Is that brand really sustainable, or are they using greenwashing as a disguise?

Is that brand really sustainable, or are they using greenwashing as a disguise?

As more and more people turn towards a sustainable lifestyle, words like “eco-friendly”, “all natural”, “refillable”, and “zero waste” have become ubiquitous in advertising. Most brands using these terms are genuine, but there are some who use these terms to lure consumers into a false sense of confidence in the sustainability of the brand without living up to their words.

Since these terms aren’t regulated there is no restriction on how they’re used, it falls on us as consumers to do our due-diligence when looking at eco-friendly brands, and see if they align with our personal sustainable values.

Here are some questions that I ask myself when I am considering whether or not a brand is walking the walk:

1.Do they use vague language, or do they offer transparency?

Anyone can say that they source high-quality ingredients and that they carefully vet their products for their sustainability, but if they can’t explain what standards they’re using to define “high quality” or “sustainable” then it doesn’t tell you much about their practices or values.

Any brand that claims sustainability should have a sustainability statement on their website. When you look at this, ask yourself if it answers any questions for you. For instance:

  • If a brand says that they source products with high quality ingredients do they explain what ingredients disqualify a product?
  • Do they say that their products are free of ‘nasty chemicals’ but offer you no clarity on which chemicals they are? (Or, one of my personal pet peeves, do they say that the product is chemical free? Spoiler alert: there is no such thing as a chemical free product.)
  • If you’re looking at a product page does it show you a list of ingredients or materials?
  • When talking about vetting their products and vendors do they tell you about what standards they use to decide if they want to carry a product?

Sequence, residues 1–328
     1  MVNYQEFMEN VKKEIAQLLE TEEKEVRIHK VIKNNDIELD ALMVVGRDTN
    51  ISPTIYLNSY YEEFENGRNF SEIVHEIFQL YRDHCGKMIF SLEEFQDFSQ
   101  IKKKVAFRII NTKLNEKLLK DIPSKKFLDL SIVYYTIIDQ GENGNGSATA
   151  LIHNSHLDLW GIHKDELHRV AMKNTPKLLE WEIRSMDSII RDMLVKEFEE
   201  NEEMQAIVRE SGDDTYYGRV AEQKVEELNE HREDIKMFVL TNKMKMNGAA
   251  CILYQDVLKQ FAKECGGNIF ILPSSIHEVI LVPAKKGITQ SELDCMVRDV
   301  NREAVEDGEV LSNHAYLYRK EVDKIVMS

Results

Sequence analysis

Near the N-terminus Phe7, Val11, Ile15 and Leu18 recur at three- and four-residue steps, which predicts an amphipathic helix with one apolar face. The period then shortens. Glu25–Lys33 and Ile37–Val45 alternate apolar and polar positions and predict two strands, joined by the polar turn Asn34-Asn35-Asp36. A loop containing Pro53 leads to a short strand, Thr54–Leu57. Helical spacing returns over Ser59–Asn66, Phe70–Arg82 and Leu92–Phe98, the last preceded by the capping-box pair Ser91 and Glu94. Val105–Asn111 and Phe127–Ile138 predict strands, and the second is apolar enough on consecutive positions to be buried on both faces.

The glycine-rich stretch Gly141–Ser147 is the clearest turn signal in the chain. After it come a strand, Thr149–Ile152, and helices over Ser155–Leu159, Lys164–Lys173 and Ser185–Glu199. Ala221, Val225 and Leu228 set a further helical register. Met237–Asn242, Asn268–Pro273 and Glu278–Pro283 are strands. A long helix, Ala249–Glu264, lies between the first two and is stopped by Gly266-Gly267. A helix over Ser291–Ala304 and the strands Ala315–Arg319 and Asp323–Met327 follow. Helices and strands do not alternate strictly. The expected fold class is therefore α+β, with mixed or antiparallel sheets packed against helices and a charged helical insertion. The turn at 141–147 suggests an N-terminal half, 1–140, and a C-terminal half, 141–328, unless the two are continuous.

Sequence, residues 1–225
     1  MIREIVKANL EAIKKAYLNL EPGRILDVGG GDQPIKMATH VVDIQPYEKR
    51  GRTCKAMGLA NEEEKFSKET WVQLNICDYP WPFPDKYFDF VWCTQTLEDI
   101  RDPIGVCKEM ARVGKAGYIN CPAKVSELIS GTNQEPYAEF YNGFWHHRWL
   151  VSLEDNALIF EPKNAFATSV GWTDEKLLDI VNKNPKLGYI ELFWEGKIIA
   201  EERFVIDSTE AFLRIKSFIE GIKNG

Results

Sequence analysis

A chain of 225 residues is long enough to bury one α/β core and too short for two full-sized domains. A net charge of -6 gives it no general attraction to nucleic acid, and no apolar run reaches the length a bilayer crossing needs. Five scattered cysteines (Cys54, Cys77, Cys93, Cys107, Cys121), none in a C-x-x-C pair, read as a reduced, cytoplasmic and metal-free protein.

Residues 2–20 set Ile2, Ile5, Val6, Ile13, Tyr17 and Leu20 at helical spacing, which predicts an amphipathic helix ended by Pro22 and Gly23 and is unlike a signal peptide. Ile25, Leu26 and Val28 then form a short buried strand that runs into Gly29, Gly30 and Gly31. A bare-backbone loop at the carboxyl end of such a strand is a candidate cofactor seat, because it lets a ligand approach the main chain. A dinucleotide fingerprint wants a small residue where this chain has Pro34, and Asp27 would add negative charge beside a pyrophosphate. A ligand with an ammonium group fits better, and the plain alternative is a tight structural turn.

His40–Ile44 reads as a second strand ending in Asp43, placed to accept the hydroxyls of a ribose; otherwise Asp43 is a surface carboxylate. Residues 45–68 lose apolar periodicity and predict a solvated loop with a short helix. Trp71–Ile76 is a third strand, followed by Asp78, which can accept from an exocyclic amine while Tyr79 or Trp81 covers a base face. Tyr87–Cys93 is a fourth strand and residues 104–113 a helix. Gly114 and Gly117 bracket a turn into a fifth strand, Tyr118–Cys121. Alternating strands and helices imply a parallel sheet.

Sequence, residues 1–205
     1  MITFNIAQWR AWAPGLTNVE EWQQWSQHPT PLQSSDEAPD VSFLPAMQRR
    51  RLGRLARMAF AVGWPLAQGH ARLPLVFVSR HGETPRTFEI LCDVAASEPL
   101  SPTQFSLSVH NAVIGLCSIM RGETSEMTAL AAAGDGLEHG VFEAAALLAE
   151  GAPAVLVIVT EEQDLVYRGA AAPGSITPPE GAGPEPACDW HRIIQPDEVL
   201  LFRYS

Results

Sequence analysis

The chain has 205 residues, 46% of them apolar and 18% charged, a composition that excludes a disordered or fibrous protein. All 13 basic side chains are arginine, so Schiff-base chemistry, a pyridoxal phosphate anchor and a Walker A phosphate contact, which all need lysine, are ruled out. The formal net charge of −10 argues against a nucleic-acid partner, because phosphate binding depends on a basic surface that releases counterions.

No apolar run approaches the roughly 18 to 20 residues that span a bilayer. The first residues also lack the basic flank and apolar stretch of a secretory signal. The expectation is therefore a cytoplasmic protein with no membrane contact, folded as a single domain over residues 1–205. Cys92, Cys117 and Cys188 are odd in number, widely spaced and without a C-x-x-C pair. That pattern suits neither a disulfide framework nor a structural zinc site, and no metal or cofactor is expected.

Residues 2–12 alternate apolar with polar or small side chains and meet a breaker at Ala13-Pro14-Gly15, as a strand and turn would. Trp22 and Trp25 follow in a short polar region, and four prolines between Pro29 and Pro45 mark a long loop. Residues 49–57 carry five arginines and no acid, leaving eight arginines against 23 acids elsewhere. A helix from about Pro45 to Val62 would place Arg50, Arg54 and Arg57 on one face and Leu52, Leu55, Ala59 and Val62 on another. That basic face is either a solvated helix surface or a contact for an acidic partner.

• Do they mention their supply chain or offer clarity on how many steps are between the producer and them?
  • Do they address fair labor and working practices, particularly in items produced overseas?
  • Do they address animal testing of their ingredients, or the quality of life of animals (if their products contain animal products).

These are just a few questions that I like to see answered, but consider your personal values on sustainability and what you find most important.

If a company is large enough, you can also look for third party certifications like 1% for the Planet, B Corp, Forest Stewardship Council, Leaping Bunny, Organic, etc…

2. Are they owned independently, or by a large corporation?

This one takes a little bit of digging but I find it fascinating. When I’m looking at a sustainable brand, I like to see if it’s owned by a multinational corporation like SC Johnson, Unilever, Coca-Cola, Clorox, etc… and if it is I like to look at the general sustainability of their other products.

Some of the most popular natural brands, including Seventh Generation, Mrs. Meyers, Method, Burt’s Bees, Native, and more are owned by these conglomerates.

My reason for including this isn’t simply because I think big business is bad full stop, but I do think it’s important to consider where our dollar ends up after we spend it. When we choose corporately owned brands, the money enriches the CEO and the entire umbrella of brands, even the ones who are actively un-sustainable.

By contrast, nearly half of all Americans are employed by small, independently owned businesses. When we choose to support those brands we are investing in not only that company and their success, but we are investing in jobs and the community in which they are run.

3. Are they spending more money on advertising how sustainable they are than they are investing in actually being sustainable?

Sure, word of mouth is great, but it’s typically not enough alone for businesses to get the word out.

That being said, I tend to be dubious of companies that go out in too much force with advertising, especially when it tends towards hyperbole.

Too many times have I spoken with friends who have bought something from heavily advertised ‘green’ brands who claimed that they were zero waste only to find that what they got when they opened their order was far from what they thought they had been sold.

If you’re ordering online it can sometimes be too late when you realize that what you were advertised isn’t what you got (been there!). Once you know, though, you can write to the company to demand better, and let them know that their marketing has been misleading. If their response is not satisfactory, talk to your eco-minded friends about it. It never feels good to feel like you’ve been tricked, and if you find that others are having the same experience then it might speak to a larger problem.


Sustainability is a nuanced topic, so finding 100% sustainable answers to any problem is impossible. When it comes to figuring out if a company is genuinely green or green washing, I always look for transparency, authenticity, and humility.

Have you had any experience with greenwashing in your personal life?

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